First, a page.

The association between informal caregiving and exit from employment among older workers: prospective findings from the UK Household Longitudinal Study

Publication type

Journal Article

Published in

Journals of Gerontology: Series B: Psychological Sciences & Social Sciences

Authors

Ewan Carr, Emily T. Murray, Paola Zaninotto, Dorina Cadar, Jenny Head, Stephen Stansfeld and Mai Stafford

Publication date

Summary

Objective: This study investigated associations between informal caregiving and exit from paid employment among older workers in the United Kingdom. Method: Information on caregiving and work status for 8,473 older workers (aged 50–75 years) was drawn from five waves of Understanding Society (2009–2014). We used discrete-time survival models to estimate the associations of caring intensity and type on the probability of exiting paid work (from >0 to 0 hours/week) in the following year. Models were stratified by sex and working hours, and adjusted for age, self-rated health, long-standing illness, occupation, and partner’s employment status. Results: No association was found between caregiving intensity and exit from paid work. Full-time employees who provided care within the household (women and men) or cared for a partner/spouse (women only) more likely to stop working, compared to those not providing care. Women who entered a caregiving role (more than 10 hours/week) were between 2.64 (95% confidence interval [CI]: 1.46, 4.79) and 4.46 (95% CI: 2.53, 7.88) times more likely to exit work (for part-time and full-time workers, respectively), compared to women providing no care. Discussion: This study highlights the onset of caregiving as a key period for older workers. Ensuring that caregiving responsibilities are adequately recognized and supported may help extend working life.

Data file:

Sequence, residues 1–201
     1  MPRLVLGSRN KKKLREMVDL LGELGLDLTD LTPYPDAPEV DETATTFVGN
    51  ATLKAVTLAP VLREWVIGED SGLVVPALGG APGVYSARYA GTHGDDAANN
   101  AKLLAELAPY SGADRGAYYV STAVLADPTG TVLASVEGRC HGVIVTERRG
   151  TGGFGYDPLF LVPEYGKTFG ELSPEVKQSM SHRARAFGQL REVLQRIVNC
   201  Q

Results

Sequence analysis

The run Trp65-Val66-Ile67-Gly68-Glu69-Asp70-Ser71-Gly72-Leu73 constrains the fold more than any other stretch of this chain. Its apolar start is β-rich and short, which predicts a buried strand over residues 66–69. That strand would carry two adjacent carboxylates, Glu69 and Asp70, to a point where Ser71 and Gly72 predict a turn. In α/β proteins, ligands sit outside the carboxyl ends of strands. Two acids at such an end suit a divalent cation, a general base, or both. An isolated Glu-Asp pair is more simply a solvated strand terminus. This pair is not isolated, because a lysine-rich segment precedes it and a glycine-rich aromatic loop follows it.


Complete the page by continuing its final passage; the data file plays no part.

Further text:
Volume and page numbers

73, 1253-1262

DOI

http://dx.doi.org/10.1093/geronb/gbw156

ISSN

16

Subjects

Disability, Older People, Labour Market and Caregiving

Notes

Open Access; © The Author 2016. Published by Oxford University Press on behalf of The Gerontological Society of America.; This is an Open Access article distributed under the terms of the Creative Commons Attribution License (http://creativecommons.org/licenses/by/4.0/), which permits unrestricted reuse, distribution, and reproduction in any medium, provided the original work is properly cited.

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